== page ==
I just got back from the forests of Brazil where I lived, taught, ate, performed and adventured at the beautiful Uaná Eté Music Garden about 2 hours from Rio. It was a jazz immersion with harp players from all over the world: Australia, USA, Canada, France, Greece, Ireland, UK, the Netherlands – a collaborative venture of the International Jazz Harp Foundation and the Uaná Eté Music Garden, a cultural-ecological-musical retreat created by the husband-wife team of harpist Cristina Braga and bassist Ricardo Medeiros.
If you’re going to Brazil, this is a place you have to visit. It’s got a Labyrinth of music and sound, forest trails, concerts and fabulous Brazilian food. We spent every day teaching (and learning) about jazz, adventuring in the woods – even learning to use hand-made bows-and-arrows (trust me, that is relevant to jazz harp). To see the creative team check out this blogpost. To see more photos of what it was like, keep scrolling.
But first … if you play the harp — and you missed this incredible Jazz Immersion project, you can still jump in on the learning experience at “Hip Harp Academy” and get the new “Jazz for Harps” programs PLUS all the other programs about improv, arrangement and creative expression. And now … Drumroll … Jazz Harp Immersion in Brazil 2018 …. First, let me set the scene. This is where it all starts at the magical Uana Ete Musical Wonderplace (this is not what it’s actually called, just what I call it)
Above: an arial view of paradise. Below, the smaller teaching studios and some of the student’s rooms … and hammocks.
(Below) The larger teaching room and where we had jam sessions and the Lindy Hop ball
Below: This is what breakfast looked like …
(Below)… and this is where the teachers lived, with our wonderful hosts, Cristina Braga and Ricardo Medeiros
(Below) This is where we talked and laughed at night.
So – who was there? Well, we are (almost all of us) after the “Lindy Hop” Ball the first Saturday night: students, teachers, players (and even a spouse – the tall guy). This was one of those rare, amazing opportunities to learn in a fairly small group with others who all share the same passion – but may never have met.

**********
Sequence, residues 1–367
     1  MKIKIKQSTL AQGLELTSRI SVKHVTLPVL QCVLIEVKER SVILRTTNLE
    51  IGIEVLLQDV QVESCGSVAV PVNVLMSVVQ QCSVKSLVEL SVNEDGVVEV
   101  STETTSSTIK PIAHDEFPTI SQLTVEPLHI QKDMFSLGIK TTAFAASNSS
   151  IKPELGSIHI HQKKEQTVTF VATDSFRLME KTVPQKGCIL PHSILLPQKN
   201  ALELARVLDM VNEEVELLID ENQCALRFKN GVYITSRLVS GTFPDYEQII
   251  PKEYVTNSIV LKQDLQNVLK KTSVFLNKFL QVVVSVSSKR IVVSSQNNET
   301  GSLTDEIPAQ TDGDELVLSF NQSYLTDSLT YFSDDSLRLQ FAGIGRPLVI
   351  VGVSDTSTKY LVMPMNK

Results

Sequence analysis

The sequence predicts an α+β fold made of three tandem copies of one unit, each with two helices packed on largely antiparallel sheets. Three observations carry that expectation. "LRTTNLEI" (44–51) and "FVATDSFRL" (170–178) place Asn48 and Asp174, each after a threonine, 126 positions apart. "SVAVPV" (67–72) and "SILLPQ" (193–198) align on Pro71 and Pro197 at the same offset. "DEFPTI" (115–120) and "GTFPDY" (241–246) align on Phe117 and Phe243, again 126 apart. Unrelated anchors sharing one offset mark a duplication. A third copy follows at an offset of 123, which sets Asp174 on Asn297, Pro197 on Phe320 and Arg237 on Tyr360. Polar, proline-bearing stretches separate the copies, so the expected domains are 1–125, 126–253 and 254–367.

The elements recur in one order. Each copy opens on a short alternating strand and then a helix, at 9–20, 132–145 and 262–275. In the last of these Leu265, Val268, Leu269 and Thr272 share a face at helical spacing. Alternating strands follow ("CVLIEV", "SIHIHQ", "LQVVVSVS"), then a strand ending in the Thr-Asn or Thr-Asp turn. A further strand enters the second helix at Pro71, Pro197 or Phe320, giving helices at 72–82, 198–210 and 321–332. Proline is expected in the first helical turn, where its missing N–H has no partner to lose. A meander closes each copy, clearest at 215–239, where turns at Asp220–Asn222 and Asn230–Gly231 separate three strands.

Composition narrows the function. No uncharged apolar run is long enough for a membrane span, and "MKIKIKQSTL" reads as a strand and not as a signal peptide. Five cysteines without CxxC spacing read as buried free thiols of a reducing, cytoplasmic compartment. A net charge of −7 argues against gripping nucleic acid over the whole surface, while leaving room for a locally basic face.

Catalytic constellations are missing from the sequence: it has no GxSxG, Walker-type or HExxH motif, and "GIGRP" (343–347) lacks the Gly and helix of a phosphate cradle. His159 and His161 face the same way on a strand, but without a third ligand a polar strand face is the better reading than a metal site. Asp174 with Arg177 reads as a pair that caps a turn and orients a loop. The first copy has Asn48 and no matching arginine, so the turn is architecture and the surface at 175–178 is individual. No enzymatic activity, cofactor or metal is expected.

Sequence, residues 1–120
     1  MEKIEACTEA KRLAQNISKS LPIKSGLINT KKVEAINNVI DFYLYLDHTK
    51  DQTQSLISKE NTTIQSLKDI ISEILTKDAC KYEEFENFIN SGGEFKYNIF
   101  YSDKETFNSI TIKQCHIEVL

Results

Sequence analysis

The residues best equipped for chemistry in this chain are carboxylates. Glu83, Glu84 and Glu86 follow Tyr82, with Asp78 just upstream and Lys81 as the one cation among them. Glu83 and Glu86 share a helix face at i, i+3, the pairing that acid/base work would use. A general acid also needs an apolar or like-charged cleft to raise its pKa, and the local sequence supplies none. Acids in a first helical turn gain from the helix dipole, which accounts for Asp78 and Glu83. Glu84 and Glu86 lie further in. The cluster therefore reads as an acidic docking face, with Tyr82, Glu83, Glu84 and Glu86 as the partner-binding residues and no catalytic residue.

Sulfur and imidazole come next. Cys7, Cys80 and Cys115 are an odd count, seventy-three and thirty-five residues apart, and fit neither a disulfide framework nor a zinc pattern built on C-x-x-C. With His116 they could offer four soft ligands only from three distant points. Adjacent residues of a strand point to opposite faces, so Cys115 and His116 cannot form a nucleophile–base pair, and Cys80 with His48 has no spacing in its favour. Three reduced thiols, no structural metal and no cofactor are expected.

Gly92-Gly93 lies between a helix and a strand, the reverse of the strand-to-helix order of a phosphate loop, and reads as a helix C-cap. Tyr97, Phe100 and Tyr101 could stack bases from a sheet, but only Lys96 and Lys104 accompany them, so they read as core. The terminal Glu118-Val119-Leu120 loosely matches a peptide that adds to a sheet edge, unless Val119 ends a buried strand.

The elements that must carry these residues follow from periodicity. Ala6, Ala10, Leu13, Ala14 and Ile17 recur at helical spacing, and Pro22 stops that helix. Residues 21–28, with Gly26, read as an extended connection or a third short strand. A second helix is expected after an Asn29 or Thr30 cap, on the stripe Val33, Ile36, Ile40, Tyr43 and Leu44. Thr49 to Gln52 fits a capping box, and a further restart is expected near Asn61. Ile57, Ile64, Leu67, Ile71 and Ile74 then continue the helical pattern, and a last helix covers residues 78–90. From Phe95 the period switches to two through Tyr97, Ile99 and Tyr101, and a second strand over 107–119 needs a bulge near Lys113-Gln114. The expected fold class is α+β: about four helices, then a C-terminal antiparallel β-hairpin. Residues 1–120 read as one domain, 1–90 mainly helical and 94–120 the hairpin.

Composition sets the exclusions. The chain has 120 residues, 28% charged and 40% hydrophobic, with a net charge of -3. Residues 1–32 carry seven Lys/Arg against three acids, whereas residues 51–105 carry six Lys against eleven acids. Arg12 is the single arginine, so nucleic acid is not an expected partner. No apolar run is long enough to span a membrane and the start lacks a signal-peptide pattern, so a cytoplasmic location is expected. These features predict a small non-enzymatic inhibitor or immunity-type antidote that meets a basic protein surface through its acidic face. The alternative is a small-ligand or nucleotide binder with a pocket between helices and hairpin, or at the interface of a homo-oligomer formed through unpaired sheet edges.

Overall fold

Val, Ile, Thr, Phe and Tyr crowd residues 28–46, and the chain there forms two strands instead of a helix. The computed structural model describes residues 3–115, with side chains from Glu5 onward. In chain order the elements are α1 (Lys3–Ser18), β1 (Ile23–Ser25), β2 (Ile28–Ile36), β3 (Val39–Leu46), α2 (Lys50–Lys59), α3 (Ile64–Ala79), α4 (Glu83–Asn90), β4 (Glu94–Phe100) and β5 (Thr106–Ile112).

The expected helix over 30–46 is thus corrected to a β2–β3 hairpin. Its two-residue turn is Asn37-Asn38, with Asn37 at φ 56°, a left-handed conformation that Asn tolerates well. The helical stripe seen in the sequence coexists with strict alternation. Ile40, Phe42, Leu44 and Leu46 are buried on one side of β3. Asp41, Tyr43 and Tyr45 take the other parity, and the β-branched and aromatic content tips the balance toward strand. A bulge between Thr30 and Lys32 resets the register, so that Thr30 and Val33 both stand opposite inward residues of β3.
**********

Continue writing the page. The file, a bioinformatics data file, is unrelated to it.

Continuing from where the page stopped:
At the “Lindy Hop” ball the first weekend of the Immersion, I got to sing to my heart’s content – while the rest of the band rocked the house – in this photo, Frank Colon on Percussion, Kurt Schwab on Sax, Ricardo Medeiros on Bass, and hidden is Park Stickney on electric harp — and the next person who reads this and knows the name of the drummer – please let me know!
My long-time friend, Park Stickney (who is, in my opinion – the greatest living jazz harp player) was one of the other ‘imported’ teachers – and we got a chance to play together on a single harp … one of our long-time tricks … and also on separate harps in concert.
And here we are in concert plaing the Blues
I also had the chance to play with the fabulous percussionist Frank Colon in a session where we explored how to treat the harp purely like a percussion instrument.
Harps waiting outside the practice rooms for their next assignments.
One morning I really had to make a phone call. In order to do that, I had to get up to the top of the hill, in the bell-garden, at 7AM. This is me with my computer, phone, coffee mug, pack and coat — right now it’s the Brazilian winter, so it’s chilly in the morning and night.
We spent one whole day in the woods exploring (verrrrrry carefully and with expert guidance), being painted and learning to shoot hand-made bows-and-arrows.Below is how I came home – painted on arms and hands.
BELOW: (Left) I’m lying in a kind of net below the trees, so I can look straight up. (Right) is what I was seeing above me. When I first knew I was going to Brazil, I thought I would be in the rainforest, but this is what’s called the “Atlantic Forest’ with a combination of what seem like pine trees along with palms, bananas, eucalyptus – and orchids growing on the limbs of trees in the forest. Also snakes, spiders and mosquitos, but we did our best to stay clear of all of those.
(Below) At the airport, festival co-creator, Brenda Dor-Groot and I discovered each other and set up office at an airport cafe that had FABULOUS virgin Something-or-other-Drinks, which I spent all the rest of my Brazilian Real’s on.
I swear that we also taught and learned a LOT … I just don’t have time to get all those photos up now, so I’ll leave you with two photos from the airport — and come back later, refresh your screen and I’ll see if I can share more of the adventure with you, INCLUDING what we taught and learned – but this is our last picnic, at the top of the mountain:
Finally – one of my favorite ‘finds’ on a walk through the forest — I think these are palm fronds … but someone let me know what they really are aside from beautiful.
Oh Deborah, what a wonderful commentary on your experience in Brazil. It is great to be able to travel vicariously with you. I hope this will happen again and that I may be fortunate enough to join you.
I hope there will be some sound clips we can listen to.
Keep making our world a better place.
Loved this..next best thing to being there. Thank u for sharing!
The last picture: those palm fronds look like the curl of an Erard Harp (Am I wrong? or harp crazy?)